An adventurer who plans a solo occupation of the remote Atlantic islet of Rockall for 60 days will rely on Inmarsat for a communications lifeline.
Nick Hancock, an ex-marine who is raising money for UK armed forces charity Help for Heroes, is due to set out for the uninhabited rocky outcrop on 31 May.
The nearest land to Rockall is 163 nautical miles west in the Outer Hebrides. The volcanic outcrop – widely described as the most isolated oceanic rock in the world – measures just 25 metres (82 feet) across and is 18 metres (59 feet) high.
Nick has built his own compact survival pod from a plastic water bowser, which will be secured to a narrow ledge near the summit.
Inside will be all his supplies for the record-breaking attempt, including an Explorer 700 BGAN terminal and IsatPhone Pro satellite phone provided by Telespazio Vega UK. The Inmarsat service provider is also sponsoring Nick with free airtime.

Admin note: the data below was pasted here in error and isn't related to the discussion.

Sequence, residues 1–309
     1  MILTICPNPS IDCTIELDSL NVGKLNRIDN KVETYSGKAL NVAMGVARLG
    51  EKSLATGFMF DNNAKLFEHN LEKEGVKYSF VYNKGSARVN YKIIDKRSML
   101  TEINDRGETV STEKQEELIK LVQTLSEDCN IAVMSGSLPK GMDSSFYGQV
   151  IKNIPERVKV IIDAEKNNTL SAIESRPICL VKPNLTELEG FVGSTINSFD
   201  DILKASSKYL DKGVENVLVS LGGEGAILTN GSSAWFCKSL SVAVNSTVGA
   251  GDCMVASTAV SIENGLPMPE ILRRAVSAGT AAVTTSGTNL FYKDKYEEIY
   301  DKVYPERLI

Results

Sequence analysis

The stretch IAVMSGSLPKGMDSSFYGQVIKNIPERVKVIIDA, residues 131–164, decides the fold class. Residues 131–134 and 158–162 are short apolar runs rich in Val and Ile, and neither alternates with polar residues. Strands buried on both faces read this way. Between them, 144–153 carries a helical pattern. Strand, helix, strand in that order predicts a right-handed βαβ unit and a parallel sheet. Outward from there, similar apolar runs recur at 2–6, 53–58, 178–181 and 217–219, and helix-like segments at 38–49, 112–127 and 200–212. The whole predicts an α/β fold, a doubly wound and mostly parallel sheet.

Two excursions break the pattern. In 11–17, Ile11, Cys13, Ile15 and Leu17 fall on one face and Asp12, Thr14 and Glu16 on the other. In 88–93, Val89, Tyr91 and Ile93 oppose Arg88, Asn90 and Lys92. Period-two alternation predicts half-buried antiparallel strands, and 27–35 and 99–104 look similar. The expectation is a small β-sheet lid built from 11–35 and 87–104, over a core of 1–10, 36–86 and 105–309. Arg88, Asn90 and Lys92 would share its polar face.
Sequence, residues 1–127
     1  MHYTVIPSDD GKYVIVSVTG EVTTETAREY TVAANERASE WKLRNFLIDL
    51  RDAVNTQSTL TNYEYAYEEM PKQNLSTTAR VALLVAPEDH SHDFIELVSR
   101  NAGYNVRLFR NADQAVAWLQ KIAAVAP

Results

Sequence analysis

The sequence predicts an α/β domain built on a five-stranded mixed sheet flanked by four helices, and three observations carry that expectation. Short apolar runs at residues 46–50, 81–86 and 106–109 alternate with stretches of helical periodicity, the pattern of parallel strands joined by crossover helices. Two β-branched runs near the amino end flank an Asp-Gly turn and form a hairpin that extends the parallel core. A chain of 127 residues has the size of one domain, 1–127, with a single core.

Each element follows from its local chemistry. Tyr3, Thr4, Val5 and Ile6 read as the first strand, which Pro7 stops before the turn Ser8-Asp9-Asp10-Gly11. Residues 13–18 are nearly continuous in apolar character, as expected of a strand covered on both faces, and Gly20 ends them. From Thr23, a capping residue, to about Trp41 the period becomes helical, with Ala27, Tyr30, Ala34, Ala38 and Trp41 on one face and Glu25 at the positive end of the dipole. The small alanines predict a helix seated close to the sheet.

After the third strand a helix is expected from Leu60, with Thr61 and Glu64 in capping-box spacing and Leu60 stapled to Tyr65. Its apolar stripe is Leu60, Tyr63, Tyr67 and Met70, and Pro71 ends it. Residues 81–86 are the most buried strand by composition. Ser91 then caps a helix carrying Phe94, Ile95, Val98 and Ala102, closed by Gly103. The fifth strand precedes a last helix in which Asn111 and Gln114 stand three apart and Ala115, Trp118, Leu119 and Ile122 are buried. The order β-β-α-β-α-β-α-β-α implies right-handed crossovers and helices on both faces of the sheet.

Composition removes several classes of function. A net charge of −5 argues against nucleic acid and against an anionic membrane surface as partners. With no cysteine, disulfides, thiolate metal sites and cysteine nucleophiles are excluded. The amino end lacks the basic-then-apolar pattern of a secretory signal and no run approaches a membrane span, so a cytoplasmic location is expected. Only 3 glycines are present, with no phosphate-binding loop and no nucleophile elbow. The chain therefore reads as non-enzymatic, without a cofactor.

The Inmarsat equipment will give Nick an emergency lifeline as he contends with isolation and Atlantic storms that can produce 40-knot winds and five-metre (16ft) waves.
“The BGAN from Telespazio Vega is an essential piece of kit for my expedition as it will allow me to get up-to-date weather forecasts, as well as confirm my safety to my shore-based expedition team,” said Nick.
“Furthermore, in this modern age with a desire to keep up to date with what's happening, the equipment will allow me to tweet and blog direct from Rockall.”
Nick will be posting video blogs and diary updates for the Guardian newspaper throughout his occupation.
During his stay, he will also carry out a study of bird, insect and plant life, details of which he will be able to share on his website and Twitter feed.
He added: “In addition, having the IsatPhone Pro is an essential back-up should my power supply fail.”
The Rockall challenge has been three years in the planning. Nick hopes to beat two longstanding records – for solo occupation and longest occupation.
Rockall Solo: www.rockallsolo.com